Community prevention trial reduces risky drinking, alcohol-related crashes and trauma

November 06, 2000

Environmental strategies, plus public education and awareness prove effective

A study reported in the November 8 issue of the Journal of the American Medical Association (Volume 284, Number 18) shows that communities that undertake comprehensive prevention strategies can effectively reduce alcohol-related traffic crashes and injuries from crashes and assaults. Relative to matched comparison sites, intervention communities (two in California and one in South Carolina) experienced marked reductions in alcohol-related crashes, nighttime injury crashes, injuries due to assault, and assaults that required hospitalization, as well as in self-reported alcohol consumption, heavy drinking, and drinking and driving.

First author Harold D. Holder, Ph.D., and his colleagues at the Prevention Research Center, Berkeley, California, and the Pacific Institute for Research and Evaluation reported the gains at the conclusion of the April 1992-December 1996 Community Prevention Trial (CPT). The National Institute on Alcohol Abuse and Alcoholism supported the study.

"Dr. Holder and his colleagues demonstrate that complex community systems can be studied rigorously - a formidable achievement given the complexity of the environment," said NIAAA Director Enoch Gordis, M.D. "The CPT provides powerful new evidence that comprehensive, coordinated environmental prevention programs can be effective in reducing alcohol-related injuries and accidents in the community."

In a comprehensive public health approach, the CPT involved local city councils, the police, the media, alcohol sales and service institutions, and others in an array of interventions designed to

-mobilize communities through coalition-building and media advocacy,
-encourage responsible beverage service,
-reduce underage drinking by limiting access to alcohol,
-increase local enforcement of drinking and driving laws, and
-limit alcohol access through zoning measures.

Earlier studies had shown each intervention to be independently effective but they had never before been combined in a comprehensive program.

Rather than drinking per se the CPT targeted environmental conditions and drinking patterns that are likely to be antecedents to trauma. While the proportion of respondents who reported drinking remained essentially unchanged across the five-year study, the intervention communities experienced substantial reductions in the quantity of alcohol consumed per occasion.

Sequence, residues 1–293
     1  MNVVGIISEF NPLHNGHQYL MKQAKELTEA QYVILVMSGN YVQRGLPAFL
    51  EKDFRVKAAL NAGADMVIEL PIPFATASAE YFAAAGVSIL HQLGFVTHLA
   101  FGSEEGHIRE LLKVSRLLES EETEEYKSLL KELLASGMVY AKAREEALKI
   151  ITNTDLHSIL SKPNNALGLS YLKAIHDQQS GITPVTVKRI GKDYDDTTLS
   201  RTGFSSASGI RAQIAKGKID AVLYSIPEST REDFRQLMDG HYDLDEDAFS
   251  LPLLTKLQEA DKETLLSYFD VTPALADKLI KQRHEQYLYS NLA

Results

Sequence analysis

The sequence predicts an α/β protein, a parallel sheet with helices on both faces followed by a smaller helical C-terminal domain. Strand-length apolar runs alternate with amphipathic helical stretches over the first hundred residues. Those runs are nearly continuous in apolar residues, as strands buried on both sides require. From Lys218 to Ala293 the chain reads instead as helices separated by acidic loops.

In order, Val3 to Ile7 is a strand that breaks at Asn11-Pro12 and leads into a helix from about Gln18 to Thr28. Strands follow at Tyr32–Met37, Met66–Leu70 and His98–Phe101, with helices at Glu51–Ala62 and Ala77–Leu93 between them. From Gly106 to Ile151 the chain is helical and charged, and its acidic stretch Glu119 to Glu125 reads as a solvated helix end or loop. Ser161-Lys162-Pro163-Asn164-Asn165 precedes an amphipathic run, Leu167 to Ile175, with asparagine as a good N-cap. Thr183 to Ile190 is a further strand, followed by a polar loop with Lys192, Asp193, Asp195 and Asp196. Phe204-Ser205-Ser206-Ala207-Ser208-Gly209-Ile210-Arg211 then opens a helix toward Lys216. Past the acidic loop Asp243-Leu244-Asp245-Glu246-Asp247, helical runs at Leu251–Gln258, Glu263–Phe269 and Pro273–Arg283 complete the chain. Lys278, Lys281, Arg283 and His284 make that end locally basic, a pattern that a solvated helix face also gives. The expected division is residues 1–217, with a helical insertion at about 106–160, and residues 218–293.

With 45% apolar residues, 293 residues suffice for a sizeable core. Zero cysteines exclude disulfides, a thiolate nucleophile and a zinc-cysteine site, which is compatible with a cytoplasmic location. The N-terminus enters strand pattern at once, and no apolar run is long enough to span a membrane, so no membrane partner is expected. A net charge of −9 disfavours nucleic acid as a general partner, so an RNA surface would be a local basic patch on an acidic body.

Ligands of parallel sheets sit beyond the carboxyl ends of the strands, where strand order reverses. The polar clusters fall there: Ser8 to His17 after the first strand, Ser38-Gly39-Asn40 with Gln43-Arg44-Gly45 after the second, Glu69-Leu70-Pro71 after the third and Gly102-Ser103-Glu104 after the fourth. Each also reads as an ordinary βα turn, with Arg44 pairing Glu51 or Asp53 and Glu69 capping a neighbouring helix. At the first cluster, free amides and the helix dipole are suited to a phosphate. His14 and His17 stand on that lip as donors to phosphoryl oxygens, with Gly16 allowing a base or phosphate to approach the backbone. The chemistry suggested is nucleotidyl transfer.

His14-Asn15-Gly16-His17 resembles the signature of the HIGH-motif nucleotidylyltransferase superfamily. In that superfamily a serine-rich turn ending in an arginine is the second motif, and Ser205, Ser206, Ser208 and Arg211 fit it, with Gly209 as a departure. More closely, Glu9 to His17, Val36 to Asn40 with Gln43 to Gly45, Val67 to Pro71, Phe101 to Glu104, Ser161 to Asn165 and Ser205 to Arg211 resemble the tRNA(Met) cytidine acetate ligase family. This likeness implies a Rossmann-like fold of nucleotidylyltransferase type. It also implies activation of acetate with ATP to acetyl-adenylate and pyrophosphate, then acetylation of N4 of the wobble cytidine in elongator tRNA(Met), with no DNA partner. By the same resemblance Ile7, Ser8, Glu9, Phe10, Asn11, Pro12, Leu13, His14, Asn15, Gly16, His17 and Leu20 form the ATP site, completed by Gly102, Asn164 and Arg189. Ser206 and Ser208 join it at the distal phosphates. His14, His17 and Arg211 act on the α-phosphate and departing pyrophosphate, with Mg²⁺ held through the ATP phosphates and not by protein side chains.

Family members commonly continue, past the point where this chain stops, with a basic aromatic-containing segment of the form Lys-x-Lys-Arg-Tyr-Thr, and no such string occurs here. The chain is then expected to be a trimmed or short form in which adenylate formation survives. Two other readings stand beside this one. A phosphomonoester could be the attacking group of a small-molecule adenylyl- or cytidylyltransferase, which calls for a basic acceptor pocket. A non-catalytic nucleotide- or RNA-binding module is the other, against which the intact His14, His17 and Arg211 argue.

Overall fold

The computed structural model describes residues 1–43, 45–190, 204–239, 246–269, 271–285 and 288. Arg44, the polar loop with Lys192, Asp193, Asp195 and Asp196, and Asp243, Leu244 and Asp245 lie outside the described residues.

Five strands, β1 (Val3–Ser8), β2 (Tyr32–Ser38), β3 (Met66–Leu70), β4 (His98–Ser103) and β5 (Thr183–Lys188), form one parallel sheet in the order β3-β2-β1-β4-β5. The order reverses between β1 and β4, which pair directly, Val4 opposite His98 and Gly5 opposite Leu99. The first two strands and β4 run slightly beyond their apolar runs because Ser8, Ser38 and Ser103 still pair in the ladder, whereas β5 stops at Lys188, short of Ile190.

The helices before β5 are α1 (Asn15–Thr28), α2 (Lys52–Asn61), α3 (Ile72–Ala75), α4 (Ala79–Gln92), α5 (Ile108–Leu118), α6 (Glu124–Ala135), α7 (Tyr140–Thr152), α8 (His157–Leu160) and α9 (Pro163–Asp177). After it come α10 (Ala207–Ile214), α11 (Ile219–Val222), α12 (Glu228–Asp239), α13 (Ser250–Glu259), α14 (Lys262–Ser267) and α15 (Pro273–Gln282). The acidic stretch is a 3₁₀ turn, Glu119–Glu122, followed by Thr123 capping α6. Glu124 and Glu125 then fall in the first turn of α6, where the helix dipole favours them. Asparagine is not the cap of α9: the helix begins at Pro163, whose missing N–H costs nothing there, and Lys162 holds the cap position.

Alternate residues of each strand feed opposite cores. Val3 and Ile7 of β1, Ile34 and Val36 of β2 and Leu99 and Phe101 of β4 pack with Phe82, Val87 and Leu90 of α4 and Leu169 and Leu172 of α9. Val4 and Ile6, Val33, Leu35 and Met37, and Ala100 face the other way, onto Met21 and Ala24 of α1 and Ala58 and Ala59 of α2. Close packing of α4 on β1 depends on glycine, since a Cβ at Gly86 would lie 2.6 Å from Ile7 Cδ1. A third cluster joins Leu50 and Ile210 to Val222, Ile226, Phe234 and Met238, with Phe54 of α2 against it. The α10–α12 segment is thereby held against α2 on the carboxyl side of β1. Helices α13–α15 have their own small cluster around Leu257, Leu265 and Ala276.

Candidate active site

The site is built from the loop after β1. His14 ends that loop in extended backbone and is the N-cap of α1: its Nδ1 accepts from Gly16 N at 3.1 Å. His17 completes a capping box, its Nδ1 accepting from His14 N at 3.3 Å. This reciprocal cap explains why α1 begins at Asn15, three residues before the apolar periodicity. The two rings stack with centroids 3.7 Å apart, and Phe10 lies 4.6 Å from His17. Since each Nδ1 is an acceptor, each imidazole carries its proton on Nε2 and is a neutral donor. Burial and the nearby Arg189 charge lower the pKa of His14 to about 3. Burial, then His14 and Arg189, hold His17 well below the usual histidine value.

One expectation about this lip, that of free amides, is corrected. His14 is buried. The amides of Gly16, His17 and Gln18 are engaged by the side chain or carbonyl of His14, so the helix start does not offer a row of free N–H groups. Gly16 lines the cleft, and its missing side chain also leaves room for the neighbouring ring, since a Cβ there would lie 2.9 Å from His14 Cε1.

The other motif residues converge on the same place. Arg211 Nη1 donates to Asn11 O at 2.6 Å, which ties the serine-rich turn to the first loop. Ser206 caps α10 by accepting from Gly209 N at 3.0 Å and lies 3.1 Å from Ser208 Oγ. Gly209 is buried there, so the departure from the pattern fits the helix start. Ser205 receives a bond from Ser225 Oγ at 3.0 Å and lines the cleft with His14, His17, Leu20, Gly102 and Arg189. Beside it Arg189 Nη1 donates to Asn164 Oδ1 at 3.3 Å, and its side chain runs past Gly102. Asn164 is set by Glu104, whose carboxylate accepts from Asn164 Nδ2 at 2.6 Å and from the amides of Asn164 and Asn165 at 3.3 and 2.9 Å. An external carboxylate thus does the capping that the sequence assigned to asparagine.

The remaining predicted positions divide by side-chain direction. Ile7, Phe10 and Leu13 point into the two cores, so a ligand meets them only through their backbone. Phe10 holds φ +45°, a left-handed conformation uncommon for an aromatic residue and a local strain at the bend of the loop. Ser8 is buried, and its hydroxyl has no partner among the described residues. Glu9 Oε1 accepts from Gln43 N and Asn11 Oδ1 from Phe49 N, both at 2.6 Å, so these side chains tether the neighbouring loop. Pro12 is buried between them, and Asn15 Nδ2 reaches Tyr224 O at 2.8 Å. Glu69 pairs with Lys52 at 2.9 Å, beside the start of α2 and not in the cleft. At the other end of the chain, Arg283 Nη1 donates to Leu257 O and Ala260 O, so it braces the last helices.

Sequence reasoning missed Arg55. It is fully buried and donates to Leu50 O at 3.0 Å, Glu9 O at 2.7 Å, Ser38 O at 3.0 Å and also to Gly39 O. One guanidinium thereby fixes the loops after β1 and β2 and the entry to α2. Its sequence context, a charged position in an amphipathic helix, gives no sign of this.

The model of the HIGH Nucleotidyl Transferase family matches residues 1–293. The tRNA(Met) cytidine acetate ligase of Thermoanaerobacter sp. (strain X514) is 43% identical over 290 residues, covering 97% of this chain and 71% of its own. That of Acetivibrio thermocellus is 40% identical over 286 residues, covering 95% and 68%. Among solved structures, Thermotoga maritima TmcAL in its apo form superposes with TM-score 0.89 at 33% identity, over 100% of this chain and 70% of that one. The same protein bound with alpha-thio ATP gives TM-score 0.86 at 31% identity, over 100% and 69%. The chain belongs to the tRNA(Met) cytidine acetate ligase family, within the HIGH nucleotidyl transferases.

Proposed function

The researchers implemented the interventions in successive stages tied to specific effectiveness indices. For example, phase 1 and phase 2, which focused in large part on drunk driving prevention, were indexed by police use of breath-testing devices and roadside checkpoints, respectively. The date of onset for each phase provided an intervention "pulse" that enabled the researchers to track intervention effects on drinking behavior and alcohol-related injuries.

Outcome measures included self-reported and objective measures. To obtain the self-reports, the investigators placed 120 random general population telephone calls each month for 66 months in both the intervention and control communities. For the objective outcomes, they relied on routinely collected traffic and hospital discharge data. They found that, at five years, nighttime car crashes with injuries had declined by 10 percent, crashes involving drunk drivers had declined by 6 percent, injuries due to assault had fallen by 43 percent and hospitalized assaults by 2 percent. Self-reported alcohol consumption per drinking occasion declined by 6 percent, having "too much to drink" declined by 49 percent, and driving while "over the legal limit" declined by 51 percent in the intervention relative to the control communities.

The study has several limitations, the authors point out: The intervention communities were not randomly selected, and the interventions may have introduced a bias that influenced self-reports. Even so, "the CPT shows that the public need not remain passive recipients of trauma caused by heavy drinking," said Dr. Holder.